Switzerland gains prestige in Tunis

A group of Tunisian civil society members stopped a hunger strike on Friday. Infosud/Carole Vann

The second phase of the World Summit on the Information Society, in which Switzerland has played a central and controversial role, has ended in Tunis.

This content was published on November 18, 2005 - 21:34

At the closing ceremony on Friday evening, Swiss Communications Minister Moritz Leuenberger thanked the WSIS' hosts and tried to nurse bruised Swiss-Tunisian relations.

Around 17,000 people from around the world attended this United Nations conference aimed at closing the so-called digital divide: the gap in access to the internet and other information tools between rich and poor countries, and even within nations.

Switzerland, as host of the first phase of the WSIS in Geneva in 2003, was always going to play an integral part. But there was an unexpected turn of events when Swiss President Samuel Schmid's grabbed the first day's headlines after he criticised states that muzzled civil liberties.

At the opening ceremony on Wednesday, Canal 7, Tunisia's public television channel, cut to a commentator before Schmid said imprisoning citizens for their political beliefs was "frankly unacceptable".

When asked on Thursday night why the Swiss government has been so outspoken about Tunisia's human rights record, Leuenberger replied: "It's important to note that we haven't just made declarations against the situation in Tunisia but against all countries that have violated human rights."

"If you take part in a summit like this one, you must seize the occasion to change the situation," he said.

Leuenberger denied there was any serious diplomatic fallout. "Relations are good [between Switzerland and Tunisia] but it is necessary to discuss certain things."

In contrast to Switzerland, many governments seemed to treat the WSIS like a non-event. Of the 27 heads of state who had addressed the plenary by Friday morning, only Schmid represented a developed country.

Schmid was also the only leader to allude to human rights abuses taking place in Tunisia, an unprecedented stand which earned him hero status among Tunisian civil society.

Taking liberties

The subject of human rights in Tunisia – or apparent lack of them – was always going to detract from the intended goals of the summit.

Despite UN hopes that giving Tunisia a summit watched by the world's media would force the country to clean up its human rights act, the government of President Ben Ali appeared to up levels of intimidation in the months leading up to the summit.

Over the past week alone, one journalist was stabbed in Tunis, many others were assaulted by government officials and WSIS-related websites – including that of swissinfo – have been blocked.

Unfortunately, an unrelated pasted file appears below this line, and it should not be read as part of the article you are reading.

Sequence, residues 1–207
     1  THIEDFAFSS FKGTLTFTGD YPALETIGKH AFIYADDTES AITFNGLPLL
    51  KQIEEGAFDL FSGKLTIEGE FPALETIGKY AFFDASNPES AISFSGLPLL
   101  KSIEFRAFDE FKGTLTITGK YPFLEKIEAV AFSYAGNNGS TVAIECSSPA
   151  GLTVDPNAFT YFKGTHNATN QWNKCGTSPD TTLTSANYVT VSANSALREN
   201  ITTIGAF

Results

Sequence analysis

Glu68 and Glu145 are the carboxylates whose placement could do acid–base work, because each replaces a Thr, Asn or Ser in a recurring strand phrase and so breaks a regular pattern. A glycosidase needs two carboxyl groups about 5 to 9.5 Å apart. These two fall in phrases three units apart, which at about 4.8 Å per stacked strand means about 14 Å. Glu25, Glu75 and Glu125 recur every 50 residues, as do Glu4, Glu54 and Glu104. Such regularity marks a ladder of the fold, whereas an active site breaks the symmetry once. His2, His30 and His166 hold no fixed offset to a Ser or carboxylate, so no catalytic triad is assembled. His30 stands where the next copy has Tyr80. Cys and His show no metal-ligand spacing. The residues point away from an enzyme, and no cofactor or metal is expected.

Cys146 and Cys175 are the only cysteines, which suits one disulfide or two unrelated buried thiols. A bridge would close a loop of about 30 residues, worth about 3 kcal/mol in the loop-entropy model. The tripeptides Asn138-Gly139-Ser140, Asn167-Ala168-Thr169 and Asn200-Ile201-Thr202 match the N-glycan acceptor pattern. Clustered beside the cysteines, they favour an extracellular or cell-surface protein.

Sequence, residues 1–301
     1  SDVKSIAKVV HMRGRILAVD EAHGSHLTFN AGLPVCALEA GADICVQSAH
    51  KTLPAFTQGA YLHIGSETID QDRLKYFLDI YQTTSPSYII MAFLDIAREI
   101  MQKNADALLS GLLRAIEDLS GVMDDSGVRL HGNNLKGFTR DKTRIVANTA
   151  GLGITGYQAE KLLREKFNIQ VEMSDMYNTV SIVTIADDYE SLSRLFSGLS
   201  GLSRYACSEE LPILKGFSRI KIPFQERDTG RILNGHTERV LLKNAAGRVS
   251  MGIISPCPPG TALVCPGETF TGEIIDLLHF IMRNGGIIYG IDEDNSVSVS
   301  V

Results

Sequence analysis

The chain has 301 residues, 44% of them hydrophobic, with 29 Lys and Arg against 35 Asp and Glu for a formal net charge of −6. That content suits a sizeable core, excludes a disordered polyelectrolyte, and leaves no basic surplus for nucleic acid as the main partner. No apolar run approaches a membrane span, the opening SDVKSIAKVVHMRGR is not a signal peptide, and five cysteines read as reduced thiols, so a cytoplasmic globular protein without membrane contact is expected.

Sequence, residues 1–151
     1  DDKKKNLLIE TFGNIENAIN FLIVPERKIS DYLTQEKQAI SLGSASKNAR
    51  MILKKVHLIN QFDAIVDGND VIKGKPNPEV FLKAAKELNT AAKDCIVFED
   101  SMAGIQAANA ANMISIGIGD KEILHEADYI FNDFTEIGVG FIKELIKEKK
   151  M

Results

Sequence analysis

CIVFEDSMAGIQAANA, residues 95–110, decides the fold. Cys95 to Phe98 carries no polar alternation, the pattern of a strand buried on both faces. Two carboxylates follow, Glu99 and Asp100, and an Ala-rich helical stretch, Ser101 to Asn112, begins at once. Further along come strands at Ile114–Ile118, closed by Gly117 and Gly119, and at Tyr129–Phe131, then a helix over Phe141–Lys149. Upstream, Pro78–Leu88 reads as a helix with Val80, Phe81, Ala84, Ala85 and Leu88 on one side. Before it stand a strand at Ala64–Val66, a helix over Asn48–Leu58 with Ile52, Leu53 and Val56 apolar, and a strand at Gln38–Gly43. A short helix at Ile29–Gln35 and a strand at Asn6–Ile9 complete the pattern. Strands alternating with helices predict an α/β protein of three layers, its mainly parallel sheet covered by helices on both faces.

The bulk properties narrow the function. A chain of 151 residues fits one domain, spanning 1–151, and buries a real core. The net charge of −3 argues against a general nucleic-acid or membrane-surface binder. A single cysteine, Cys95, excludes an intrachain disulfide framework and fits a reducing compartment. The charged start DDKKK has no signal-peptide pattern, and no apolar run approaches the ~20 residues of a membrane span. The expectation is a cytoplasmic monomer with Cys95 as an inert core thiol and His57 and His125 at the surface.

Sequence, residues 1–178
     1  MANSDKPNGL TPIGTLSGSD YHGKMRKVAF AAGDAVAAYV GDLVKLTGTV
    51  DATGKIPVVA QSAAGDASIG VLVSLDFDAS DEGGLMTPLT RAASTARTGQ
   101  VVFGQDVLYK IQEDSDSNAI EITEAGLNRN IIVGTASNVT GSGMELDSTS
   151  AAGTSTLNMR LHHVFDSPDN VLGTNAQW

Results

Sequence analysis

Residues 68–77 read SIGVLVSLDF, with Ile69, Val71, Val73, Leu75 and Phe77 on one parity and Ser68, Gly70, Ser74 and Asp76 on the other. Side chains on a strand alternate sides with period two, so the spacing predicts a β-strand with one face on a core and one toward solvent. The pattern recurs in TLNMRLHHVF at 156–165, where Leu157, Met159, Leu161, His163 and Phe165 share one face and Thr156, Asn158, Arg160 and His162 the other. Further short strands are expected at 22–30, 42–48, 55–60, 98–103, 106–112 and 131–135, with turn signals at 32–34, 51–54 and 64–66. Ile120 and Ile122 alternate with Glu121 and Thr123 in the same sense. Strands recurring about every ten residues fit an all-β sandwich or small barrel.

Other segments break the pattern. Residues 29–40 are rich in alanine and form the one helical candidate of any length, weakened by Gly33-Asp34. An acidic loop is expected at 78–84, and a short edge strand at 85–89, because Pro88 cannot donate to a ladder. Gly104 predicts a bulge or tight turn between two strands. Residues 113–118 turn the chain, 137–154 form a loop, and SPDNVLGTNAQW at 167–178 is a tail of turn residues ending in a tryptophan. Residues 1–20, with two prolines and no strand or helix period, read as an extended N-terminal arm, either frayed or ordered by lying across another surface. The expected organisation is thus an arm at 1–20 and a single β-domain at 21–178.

On Friday, a group of Tunisian civil society members called off a hunger strike they had been holding since October 18. The strikers had demanded freedom of speech and press, freedom of association and the freeing of political prisoners.

On the final day of the summit, the United States delegation released a statement mildly rebuking the Tunisian government.

"In hosting this summit, the government of Tunisia had an opportunity and responsibility to demonstrate clearly its commitment to freedom of the press and its commitment to freedom of expression... we are therefore obliged to express our disappointment that [it] did not take advantage of this important opportunity," it said.


That's not to say that the two WSIS phases have yielded nothing but diplomatic spats and denials of human rights abuses.

In Tunis it was agreed that an internet governance forum would be set up to debate the future structure and control of the web – a major sticking point that burned many barrels of midnight oil.

This forum is to include civil society actors and businesses, but its decisions will not be binding. The first one is to be held in Greece next year.

In addition, at the end of the summit, delegates adopted the Tunis Agenda for the Information Society and the Tunis Commitment, in which countries are "urged to reaffirm commitment" to "recognised challenges".

Walter Fust, head of the Swiss Agency for Development and Cooperation (SDC), told swissinfo that "discussions here in Tunis have shown that governments want to develop the infrastructure of telecommunications".

Tunis 2005 was billed as a "Summit of Solutions". Many valuable economic and political ones have been reached, but the Swiss delegation leaves having posed some serious social questions, many of which affect the lives of Tunisian citizens.

swissinfo, Thomas Stephens in Tunis

Key facts

The three-day second phase of the World Summit on the Information Society (WSIS) has drawn to a close in Tunis.
More than 17,500 delegates from 176 states have attended, including 5,600 governmental representatives, 5,600 NGO members, 3,600 people from the private sector and 1,000 journalists.

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In brief

Swiss President Samuel Schmid was the toast of international civil society after being the only head of state to allude to human rights abuses taking place in Tunisia.

Communications Minister Moritz Leuenberger, who came to Tunis for the final two days of the conference, denied there was a diplomatic rift over Schmid's comments.

Also attending the conference was Walter Fust, the head of the Swiss Agency for Development and Cooperation (SDC).

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